Matlab

# try catch in MatLab

The following article explains how to use the try-catch statement in MATLAB®. The try-catch instruction is one of the most widely used programming languages globally, and its execution mode is the same for all of them. This article includes practical examples and images to help the reader understand how to use this statement to handle errors in real-time execution.

try

statements

catch exception

statements

end

## MATLAB try catch descriptions and examples

A try-catch statement is a tool that gives the program stability and robustness against exceptions or errors in real execution time. These exceptions or errors can be caught so that when one of these events occurs, they can be handled in a predictable and orderly manner and do not affect system performance.

The try-catch statement consists of two blocks: try is the block that encloses the part of the code that can generate an exception or error, and the catch is the block that handles these exceptions to be safely processed. When a try catches an exception, it passes control to catch for processing. Below, we will look at some practical examples using the try-catch statement to understand better how it works.

## How to detect and process an exception or error with the try-catch statement in MATLAB

This example shows how to use the try-catch statement against a common error when calculating square roots with the realsqrt() function. This is one of the three basic functions MATLAB has for this type of mathematical operation, and it only accepts real numbers with a positive sign as input arguments. If this rule is not satisfied, an error is generated. Next, let us look at detecting and handling this error by creating a console application that calculates square roots using the realsqrt() function. This operation is performed in the try block. When an error occurs, control is passed to catch to resolve the calculation using the sqrt() function, which accepts negative or complex numbers.

Create a script, paste this code, and click Run. To close the application, press Ctrl+c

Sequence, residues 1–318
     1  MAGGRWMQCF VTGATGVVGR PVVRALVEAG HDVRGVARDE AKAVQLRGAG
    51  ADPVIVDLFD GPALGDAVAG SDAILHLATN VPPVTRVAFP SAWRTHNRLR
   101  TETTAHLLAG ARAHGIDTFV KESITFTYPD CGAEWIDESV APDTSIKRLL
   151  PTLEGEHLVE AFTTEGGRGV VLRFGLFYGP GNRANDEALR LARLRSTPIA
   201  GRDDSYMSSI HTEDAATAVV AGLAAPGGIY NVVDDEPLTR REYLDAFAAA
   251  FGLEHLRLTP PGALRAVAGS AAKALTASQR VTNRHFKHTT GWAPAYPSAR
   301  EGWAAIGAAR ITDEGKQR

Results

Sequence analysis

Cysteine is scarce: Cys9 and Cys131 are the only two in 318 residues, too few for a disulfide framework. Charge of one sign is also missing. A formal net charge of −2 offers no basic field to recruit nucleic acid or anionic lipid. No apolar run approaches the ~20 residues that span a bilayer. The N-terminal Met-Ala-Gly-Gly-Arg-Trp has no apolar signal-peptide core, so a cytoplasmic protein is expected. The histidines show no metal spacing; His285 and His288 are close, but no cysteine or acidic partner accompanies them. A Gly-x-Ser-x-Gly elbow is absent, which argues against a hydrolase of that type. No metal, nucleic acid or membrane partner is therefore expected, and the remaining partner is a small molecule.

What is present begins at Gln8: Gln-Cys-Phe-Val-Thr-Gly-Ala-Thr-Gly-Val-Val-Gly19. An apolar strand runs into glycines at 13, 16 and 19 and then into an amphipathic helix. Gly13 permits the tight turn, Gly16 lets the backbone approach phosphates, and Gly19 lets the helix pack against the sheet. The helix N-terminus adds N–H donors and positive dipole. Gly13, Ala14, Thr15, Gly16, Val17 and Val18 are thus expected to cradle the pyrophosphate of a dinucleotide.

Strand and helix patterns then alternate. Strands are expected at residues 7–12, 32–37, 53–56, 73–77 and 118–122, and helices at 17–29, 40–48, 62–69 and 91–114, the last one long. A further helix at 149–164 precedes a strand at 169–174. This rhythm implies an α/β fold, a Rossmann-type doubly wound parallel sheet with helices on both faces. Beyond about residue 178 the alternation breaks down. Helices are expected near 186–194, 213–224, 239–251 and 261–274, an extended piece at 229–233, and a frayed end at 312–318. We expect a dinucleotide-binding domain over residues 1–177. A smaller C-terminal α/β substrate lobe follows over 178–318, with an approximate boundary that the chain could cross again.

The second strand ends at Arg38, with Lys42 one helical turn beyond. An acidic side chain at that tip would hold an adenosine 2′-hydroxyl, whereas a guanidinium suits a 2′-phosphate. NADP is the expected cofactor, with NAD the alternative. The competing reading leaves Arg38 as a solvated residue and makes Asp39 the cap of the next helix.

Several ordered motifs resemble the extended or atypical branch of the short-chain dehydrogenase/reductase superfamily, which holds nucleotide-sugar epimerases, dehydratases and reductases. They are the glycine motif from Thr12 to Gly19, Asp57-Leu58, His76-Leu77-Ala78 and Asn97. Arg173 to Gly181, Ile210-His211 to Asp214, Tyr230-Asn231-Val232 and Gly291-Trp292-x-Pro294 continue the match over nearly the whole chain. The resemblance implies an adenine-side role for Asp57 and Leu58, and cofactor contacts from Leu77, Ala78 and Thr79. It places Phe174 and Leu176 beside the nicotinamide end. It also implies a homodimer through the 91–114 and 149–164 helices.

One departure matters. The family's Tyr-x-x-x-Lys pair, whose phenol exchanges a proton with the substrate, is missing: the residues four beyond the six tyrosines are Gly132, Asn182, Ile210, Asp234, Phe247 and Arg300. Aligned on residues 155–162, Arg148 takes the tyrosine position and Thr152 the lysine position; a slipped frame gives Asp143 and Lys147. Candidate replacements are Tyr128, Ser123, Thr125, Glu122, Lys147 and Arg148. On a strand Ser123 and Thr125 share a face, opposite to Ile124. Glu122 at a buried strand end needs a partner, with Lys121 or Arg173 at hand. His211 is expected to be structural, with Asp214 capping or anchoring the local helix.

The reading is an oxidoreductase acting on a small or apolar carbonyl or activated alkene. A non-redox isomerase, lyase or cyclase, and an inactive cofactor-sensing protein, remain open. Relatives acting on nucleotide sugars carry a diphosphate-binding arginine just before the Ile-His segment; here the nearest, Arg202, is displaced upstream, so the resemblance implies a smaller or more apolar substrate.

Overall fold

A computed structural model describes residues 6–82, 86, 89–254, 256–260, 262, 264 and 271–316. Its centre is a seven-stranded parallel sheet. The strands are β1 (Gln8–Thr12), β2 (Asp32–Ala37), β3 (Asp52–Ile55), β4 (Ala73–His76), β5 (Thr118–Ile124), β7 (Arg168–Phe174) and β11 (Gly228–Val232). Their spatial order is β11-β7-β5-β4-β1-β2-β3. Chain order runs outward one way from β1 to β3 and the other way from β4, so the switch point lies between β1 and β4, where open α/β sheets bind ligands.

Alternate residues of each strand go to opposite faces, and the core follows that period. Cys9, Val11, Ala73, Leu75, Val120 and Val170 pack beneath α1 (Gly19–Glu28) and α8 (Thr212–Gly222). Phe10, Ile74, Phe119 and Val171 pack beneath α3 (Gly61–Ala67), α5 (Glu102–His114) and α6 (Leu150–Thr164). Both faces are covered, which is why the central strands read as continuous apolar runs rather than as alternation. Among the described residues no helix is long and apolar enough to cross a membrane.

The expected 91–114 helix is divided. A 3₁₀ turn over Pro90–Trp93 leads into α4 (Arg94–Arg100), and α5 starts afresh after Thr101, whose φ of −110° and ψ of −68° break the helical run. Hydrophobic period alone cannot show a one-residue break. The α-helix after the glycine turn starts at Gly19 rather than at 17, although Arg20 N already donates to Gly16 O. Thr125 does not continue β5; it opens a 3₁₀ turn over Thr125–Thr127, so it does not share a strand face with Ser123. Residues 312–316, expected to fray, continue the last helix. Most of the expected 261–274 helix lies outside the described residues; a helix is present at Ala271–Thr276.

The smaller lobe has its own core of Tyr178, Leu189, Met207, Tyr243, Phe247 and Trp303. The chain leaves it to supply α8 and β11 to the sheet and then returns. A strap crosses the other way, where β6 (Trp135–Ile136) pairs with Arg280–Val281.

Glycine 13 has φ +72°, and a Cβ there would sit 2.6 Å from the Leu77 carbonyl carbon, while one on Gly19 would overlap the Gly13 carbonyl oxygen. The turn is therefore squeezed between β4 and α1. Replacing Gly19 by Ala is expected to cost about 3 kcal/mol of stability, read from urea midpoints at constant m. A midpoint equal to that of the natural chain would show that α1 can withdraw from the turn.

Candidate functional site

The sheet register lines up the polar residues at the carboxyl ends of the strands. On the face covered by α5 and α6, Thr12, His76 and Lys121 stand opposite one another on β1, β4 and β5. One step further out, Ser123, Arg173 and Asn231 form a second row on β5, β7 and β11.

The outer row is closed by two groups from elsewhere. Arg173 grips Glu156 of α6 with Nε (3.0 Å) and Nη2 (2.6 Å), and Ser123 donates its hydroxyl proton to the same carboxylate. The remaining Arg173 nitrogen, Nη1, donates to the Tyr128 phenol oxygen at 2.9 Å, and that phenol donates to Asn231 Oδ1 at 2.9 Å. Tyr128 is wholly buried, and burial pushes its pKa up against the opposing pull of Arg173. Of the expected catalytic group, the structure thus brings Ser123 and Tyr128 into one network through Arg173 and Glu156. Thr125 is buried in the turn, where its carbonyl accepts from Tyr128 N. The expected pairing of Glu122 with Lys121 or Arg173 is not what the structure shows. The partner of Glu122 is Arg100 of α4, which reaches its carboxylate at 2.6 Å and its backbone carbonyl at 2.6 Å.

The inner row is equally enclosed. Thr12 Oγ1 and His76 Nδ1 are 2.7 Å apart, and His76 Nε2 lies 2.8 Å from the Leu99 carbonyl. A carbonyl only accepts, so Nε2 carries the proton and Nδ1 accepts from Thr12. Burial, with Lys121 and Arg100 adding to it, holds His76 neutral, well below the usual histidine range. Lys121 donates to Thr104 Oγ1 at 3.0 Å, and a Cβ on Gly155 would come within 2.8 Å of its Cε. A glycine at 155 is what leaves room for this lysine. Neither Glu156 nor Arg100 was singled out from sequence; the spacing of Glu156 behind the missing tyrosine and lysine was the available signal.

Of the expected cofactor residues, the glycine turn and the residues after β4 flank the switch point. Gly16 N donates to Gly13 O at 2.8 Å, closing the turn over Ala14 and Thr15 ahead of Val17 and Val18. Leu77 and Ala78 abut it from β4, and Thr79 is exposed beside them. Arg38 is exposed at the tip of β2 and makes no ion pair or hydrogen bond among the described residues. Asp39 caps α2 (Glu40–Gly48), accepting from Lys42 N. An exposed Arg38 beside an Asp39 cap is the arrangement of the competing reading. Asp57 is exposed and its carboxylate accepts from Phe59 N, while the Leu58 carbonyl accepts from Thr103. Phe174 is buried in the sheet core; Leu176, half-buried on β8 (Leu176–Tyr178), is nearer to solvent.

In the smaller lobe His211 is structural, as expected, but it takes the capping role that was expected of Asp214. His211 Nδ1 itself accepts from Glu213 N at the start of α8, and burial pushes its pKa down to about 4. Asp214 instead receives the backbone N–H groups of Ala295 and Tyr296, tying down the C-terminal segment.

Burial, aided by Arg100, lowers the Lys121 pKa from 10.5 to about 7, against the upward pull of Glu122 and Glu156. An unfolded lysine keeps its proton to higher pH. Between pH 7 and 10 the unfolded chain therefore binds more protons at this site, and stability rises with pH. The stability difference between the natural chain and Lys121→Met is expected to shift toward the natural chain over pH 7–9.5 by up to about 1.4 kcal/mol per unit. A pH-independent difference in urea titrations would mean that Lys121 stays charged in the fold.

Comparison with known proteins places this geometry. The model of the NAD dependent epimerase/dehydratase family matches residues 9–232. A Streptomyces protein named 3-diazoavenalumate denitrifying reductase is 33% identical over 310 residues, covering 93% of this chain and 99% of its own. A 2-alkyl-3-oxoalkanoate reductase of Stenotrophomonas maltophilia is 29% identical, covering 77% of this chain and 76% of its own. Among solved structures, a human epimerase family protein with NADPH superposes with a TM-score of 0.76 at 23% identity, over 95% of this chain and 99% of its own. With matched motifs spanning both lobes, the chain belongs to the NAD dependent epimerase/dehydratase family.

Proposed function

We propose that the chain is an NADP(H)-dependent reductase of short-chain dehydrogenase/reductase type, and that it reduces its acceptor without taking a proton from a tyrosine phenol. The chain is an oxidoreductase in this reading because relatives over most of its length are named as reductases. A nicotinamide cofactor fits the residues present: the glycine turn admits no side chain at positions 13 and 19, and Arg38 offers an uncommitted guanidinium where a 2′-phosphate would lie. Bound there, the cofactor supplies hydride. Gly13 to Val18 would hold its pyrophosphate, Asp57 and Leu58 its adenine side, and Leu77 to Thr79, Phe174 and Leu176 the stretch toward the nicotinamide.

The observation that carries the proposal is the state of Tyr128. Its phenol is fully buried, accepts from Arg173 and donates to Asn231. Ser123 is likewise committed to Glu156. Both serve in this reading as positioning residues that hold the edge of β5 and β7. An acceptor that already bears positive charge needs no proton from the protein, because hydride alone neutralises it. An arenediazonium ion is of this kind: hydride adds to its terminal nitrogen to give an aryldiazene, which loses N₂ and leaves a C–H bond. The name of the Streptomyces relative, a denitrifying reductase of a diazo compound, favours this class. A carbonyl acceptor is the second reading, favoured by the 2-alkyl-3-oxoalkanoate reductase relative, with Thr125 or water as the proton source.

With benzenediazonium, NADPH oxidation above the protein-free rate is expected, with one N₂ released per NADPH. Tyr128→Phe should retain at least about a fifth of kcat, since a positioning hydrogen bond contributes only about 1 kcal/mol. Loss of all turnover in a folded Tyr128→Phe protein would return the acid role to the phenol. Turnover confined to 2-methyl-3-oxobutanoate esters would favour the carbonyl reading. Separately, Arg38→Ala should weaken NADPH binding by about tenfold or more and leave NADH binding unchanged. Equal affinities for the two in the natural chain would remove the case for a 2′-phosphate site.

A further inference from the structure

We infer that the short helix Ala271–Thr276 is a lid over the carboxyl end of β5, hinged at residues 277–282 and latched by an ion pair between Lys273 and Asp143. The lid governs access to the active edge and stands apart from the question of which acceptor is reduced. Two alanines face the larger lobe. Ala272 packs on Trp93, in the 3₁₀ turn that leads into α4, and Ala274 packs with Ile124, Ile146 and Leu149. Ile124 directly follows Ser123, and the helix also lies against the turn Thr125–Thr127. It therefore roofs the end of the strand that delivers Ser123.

while 1

prompt = 'Enter a value to get its square root.';

a=input(prompt);

try

x =realsqrt(a);

catch

disp 'Try found an error and passed the control to catch'

x=sqrt(a);

end

disp(['The square root is: ', num2str(x)])

end

Once the app is up and running, we enter the values we need to calculate the square root.

If negative or complex values are entered, instead of raising an error in the realsqrt() function, it will pass control to catch, and the operation is resolved with the sqrt() function. When this happens, the following message is displayed in the command console:

“Try to find an error and passed the control to catch” ## How to identify errors with “MException” and manage them with try catch in MATLAB

Although identifying exceptions with “MException” deserves its own article, we will briefly explain how to use this resource, which helps us identify errors and is an effective complement when using the try-catch statement. MATLAB constructs a “MException” object with information about the error when an error is generated. This information is very useful as we can use it to classify and handle various specific errors. Below you can see the contents of “MException” with information about an error generated by the unique() function. In the following example, we will see how to retrieve this information to process the errors correctly. To do this, we will create a console application in which we will use the unique() function to generate the errors that we will handle in the catch block and the prompt() function to input the data that will be the input arguments of unique().